NEW YORK (Reuters) - After the Federal Reserve decided to leave interest rates unchanged, a majority of Wall Street’s top banks now expect the U.S. central bank to begin hiking rates in December, according to a Reuters poll conducted on Thursday.
Twelve of the 17 primary dealers, or the banks that deal with the Fed directly, polled said they expect the Fed to raise rates in December. Two pegged the date in October, and three in March 2016. For table of poll results see
“We view this as a tactical delay and have pushed out our forecast of the first hike to December. However, we still expect the Fed to hike faster than the market is pricing in, with four hikes in both 2016 and 2017,” wrote economists at Bank of America-Merrill Lynch, who moved their expected first increase to December from September.
The U.S. central bank said an array of global risks and other factors led it to avoid a hike, which would have been the first in nearly a decade. The Fed’s benchmark rate has been held in a range of zero to 0.25 percent since December 2008.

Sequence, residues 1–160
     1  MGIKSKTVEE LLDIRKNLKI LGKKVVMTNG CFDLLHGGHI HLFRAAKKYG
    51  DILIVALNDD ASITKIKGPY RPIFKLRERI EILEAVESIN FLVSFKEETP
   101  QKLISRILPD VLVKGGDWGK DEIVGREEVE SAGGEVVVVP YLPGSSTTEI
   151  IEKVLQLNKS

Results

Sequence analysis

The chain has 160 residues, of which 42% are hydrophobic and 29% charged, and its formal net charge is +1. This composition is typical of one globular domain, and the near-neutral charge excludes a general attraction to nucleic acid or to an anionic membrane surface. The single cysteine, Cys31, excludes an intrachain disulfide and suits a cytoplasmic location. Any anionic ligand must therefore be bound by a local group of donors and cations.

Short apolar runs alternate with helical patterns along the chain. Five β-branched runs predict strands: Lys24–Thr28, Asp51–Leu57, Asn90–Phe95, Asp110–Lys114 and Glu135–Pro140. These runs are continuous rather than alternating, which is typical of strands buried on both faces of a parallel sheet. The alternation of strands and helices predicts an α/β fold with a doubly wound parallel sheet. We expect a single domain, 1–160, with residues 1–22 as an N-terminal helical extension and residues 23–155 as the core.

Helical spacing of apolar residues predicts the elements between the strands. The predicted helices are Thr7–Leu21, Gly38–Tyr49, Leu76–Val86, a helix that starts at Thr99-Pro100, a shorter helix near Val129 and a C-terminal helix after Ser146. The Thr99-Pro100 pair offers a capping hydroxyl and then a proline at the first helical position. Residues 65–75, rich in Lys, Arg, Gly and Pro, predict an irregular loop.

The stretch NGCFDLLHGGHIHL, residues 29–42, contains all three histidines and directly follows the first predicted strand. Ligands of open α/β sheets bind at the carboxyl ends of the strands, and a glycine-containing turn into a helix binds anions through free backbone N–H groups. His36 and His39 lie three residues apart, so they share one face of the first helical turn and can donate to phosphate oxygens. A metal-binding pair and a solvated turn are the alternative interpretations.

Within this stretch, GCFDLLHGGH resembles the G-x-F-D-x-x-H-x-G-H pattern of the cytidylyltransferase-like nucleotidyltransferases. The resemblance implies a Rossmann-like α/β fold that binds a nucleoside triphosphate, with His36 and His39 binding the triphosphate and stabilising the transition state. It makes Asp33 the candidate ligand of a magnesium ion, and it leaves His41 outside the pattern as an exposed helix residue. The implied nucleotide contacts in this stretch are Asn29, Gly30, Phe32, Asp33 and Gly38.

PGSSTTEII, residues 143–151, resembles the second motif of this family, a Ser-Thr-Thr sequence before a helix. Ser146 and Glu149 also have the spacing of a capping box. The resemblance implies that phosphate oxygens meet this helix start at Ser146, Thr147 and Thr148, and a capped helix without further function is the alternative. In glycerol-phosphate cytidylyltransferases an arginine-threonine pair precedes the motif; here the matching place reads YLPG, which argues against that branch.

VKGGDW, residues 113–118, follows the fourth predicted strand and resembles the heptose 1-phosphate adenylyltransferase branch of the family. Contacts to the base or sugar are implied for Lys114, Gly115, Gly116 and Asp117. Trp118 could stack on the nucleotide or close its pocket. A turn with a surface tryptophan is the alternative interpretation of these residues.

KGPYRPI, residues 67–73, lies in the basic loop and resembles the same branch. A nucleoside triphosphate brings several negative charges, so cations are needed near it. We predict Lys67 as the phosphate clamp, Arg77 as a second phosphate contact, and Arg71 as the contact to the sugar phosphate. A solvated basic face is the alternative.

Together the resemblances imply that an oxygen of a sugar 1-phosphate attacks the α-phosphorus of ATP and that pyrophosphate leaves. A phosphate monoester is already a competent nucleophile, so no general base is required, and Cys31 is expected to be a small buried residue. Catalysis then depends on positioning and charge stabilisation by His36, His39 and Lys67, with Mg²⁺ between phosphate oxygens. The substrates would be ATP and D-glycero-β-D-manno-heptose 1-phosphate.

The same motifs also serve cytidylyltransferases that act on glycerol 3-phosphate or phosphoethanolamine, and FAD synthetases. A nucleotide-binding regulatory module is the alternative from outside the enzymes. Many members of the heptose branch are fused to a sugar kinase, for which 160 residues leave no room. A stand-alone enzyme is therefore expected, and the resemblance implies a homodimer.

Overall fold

The Fed maintained its bias toward a rate hike sometime this year. It has policy meetings in October and December.
In a poll conducted earlier this month, seven banks had expected a rate increase in September. Among the seven that had expected a September hike, three moved to December, one to October and one moved to March.
The poll was conducted following the Fed’s statement and press conference on Thursday afternoon.
Reporting by Jessica DiNapoli; Editing by Chizu Nomiyama